For example, in cases such as Police Department of Chicago v. Mosley, the Supreme Court used language involving time, place, and manner restrictions.[v] As the name suggests, the court determined that restrictions of public speech depend on the time, place, and manner of the speech. Another doctrine of the Supreme Court used in manners of public speech is the public forum doctrine, which was adopted from 1939’s Hague v. Committee for Industrial Organization.[vi] The public forum doctrine limits the ability of governments to restrain speech in areas that have historically been places of public congregation for debate. Along these lines, “speech-free zones” could be determined to be unconstitutional if one can prove that universities are historic areas of public debate.

         In the Supreme Court’s announcement of Minnesota Voters Alliance v. Mansky on June 14, 2019, the Court reversed the decision of the Eighth Circuit, stating that the statute violated the Free Speech Clause of the First Amendment.[vii] The opinion was written by Chief Justice John Roberts, and the Court argued that a polling place is not a public forum. However, based on the precedented time, place, and manner restrictions, while the statute was reasonable, it was too broad and did not properly define the term “political.”[viii] Therefore, although the decision was reversed, it set a precedent that polling places are not public forums, and that speech may be inhibited as long as the statute is not too broad and covers the time, place, and manner restrictions.

[i] Minnesota Voters Alliance v. Mansky, Oyez, https://www.oyez.org/cases/2017/16-1435 (last visited Nov 18, 2019).

[ii] Id.

[iii] Id.

[iv] David L. Hudson, Jr. and Andrew Gargano, Free-Speech Zones, Freedom Forum Institute (Nov. 8, 2017), https://www.freedomforuminstitute.org/first-amendment-center/topics/freedom-of-speech-2/free-speech-on-public-college-campuses-overview/free-speech-zones/.

[v] Kevin Francis O’Neill, Time, Place and Manner Restrictions, The First Amendment Encyclopedia (last visited Nov. 18, 2019), https://www.mtsu.edu/first-amendment/article/1023/time-place-and-manner-restrictions.

[vi] David L. Hudson, Jr., Public Forum Doctrine, The First Amendment Encyclopedia (2017), https://www.mtsu.edu/first-amendment/article/824/public-forum-doctrine.

[vii] Minnesota Voters Alliance v. Mansky, 585 U.S. 1 (2018).

[viii] Minnesota Voters Alliance v. Mansky, Oyez, https://www.oyez.org/cases/2017/16-1435 (last visited Nov 18, 2019).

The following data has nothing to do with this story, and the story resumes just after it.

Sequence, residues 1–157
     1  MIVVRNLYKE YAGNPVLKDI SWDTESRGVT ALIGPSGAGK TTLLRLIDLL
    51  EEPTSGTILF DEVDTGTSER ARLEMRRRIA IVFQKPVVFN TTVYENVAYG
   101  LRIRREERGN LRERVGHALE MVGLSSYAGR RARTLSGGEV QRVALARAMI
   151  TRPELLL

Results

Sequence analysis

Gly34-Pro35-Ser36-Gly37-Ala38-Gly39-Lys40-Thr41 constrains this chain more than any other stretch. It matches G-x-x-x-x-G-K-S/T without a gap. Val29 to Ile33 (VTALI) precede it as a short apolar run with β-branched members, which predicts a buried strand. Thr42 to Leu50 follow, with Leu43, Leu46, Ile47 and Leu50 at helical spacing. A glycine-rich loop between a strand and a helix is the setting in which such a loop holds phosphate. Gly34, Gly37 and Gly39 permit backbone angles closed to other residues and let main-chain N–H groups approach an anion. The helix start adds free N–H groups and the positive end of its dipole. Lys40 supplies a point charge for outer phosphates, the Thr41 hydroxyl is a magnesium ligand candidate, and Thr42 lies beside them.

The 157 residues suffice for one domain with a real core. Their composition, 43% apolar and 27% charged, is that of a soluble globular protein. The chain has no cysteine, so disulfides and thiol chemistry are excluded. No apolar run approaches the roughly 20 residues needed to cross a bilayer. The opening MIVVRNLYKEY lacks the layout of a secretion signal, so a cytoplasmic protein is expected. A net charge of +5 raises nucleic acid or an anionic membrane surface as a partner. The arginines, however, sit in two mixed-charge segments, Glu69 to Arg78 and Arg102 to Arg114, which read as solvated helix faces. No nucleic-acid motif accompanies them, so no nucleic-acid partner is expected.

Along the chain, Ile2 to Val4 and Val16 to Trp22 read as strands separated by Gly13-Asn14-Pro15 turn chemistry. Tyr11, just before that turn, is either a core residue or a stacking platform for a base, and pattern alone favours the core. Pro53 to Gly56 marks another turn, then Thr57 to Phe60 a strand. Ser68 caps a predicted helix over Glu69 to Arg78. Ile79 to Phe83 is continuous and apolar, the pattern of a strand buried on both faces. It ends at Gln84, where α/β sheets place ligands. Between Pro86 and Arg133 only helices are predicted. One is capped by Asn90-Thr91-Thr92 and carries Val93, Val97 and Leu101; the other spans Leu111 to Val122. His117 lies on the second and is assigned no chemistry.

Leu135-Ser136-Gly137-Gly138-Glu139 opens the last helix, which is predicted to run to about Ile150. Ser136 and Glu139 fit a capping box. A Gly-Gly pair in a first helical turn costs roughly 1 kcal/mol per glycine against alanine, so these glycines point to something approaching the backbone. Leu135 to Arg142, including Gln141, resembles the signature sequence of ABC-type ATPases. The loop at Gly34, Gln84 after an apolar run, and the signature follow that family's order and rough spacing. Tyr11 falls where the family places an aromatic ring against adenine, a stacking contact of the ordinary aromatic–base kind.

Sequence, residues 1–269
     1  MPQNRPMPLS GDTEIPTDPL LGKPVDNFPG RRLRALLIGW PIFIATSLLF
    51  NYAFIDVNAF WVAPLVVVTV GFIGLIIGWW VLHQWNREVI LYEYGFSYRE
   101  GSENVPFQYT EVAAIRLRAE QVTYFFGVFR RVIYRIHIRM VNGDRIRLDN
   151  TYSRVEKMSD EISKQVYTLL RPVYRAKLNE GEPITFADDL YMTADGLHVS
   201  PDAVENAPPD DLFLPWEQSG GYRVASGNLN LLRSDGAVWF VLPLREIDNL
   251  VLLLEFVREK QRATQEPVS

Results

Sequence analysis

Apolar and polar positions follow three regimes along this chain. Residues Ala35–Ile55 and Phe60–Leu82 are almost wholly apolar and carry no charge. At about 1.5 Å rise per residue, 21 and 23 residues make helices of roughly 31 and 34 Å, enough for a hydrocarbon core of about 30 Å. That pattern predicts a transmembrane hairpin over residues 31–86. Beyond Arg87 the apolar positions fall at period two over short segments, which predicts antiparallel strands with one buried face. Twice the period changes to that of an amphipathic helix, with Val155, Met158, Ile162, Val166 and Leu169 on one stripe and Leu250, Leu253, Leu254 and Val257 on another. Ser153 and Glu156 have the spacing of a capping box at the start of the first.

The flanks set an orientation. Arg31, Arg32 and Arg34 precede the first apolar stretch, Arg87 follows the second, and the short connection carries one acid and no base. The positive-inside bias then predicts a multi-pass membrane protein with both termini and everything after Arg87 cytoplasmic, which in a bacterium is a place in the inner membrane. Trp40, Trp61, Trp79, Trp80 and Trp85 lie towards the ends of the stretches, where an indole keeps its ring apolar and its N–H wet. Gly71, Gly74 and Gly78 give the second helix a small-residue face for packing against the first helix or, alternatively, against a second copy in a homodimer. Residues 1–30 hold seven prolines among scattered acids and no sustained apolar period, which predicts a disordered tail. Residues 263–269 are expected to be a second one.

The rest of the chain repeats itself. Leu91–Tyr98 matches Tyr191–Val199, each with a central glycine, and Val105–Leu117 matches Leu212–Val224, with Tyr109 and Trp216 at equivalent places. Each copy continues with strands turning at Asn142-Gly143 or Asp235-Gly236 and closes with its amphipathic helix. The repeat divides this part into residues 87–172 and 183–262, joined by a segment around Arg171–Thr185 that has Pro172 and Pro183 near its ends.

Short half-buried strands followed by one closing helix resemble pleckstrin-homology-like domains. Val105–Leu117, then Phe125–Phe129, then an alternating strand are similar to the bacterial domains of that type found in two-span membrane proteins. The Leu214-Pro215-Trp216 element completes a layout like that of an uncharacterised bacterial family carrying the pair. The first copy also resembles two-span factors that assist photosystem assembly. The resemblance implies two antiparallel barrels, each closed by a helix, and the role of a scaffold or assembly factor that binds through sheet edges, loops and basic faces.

Raising the Bar: Retaliation in the wake of University of Texas Southwestern Medical Center v. Nassar

whistlehurter (1)

Sharon Mo

“[F]ear of retaliation is the leading reason why people stay silent about the discrimination they have encountered or observed.” – Justice Ginsburg in dissent[1]

Retaliation claims are now the bread and butter of employment discrimination actions. In 2014, retaliation claims brought under Title VII of the Civil Rights Act of 1964 accounted for 34.7% of all charges filed to the U.S. Equal Employment Opportunity Commission (EEOC).[2] Following a line of pro-employee decisions that afforded broad protections to plaintiffs,[3] the Supreme Court’s decision in University of Texas Southwest Medical Center v. Nassar [4] is a surprising development that has left employees scratching their heads and employers cheering. Plaintiffs are now required to prove that an employer’s adverse employment action would not have been taken “but for” an employee’s protected activity.[5] This move imports a strict tort law causation test into the market of employment discrimination, with problematic consequences. The following note aims to provide a brief summary of retaliation law, break down the Supreme Court’s decision and discuss its implications.

Title VII and The Law of Retaliation

Title VII defines an unlawful employment practice as discrimination against any individual because of their race, color, religion, sex, or national origin.[6] Within Title VII is an anti-retaliation provision that prohibits employers from engaging in adverse retaliatory action in response to an employee’s objection to a prohibited practice or participation in a Title VII investigation or proceeding.[7] To be awarded damages, the plaintiff bears the burden of proving the following elements: (1) the plaintiff engaged in or was engaging in a protected activity; (2) the employer subjected the plaintiff to an adverse employment action; and (3) the plaintiff was subjected to the adverse employment action because of his or her participation in the protected activity.[8]

Shift from “Motivating Factor” to “But-For” Standard

Addressing the third element, the issue before the Supreme Court in, was the proper standard of causation for Title VII activity-based discrimination i.e. retaliation claims. A divided 5-4 bench determined in favour of the “but-for” threshold, over the lesser “motivating factor” standard applied to status-based discrimination claims.[9] The latter is less onerous on the employee for two reasons. First, while the “motivating factor” model would only require that retaliation be one motivating factor, amongst others, for an employer’s adverse action, the “but-for” test requires that it be the cause of the adverse action.[10] The second reason is that the “but-for” threshold rests the burden of persuasion entirely on the plaintiff, who often will not have the resources to investigate the employer’s deliberations.[11] In contrast, the “motivating factor” test places the initial burden on the plaintiff to prove that his or her protected activity was a motivating factor, before shifting the burden on the defendant to demonstrate that they would have taken the adverse action even in the absence of the protected activity.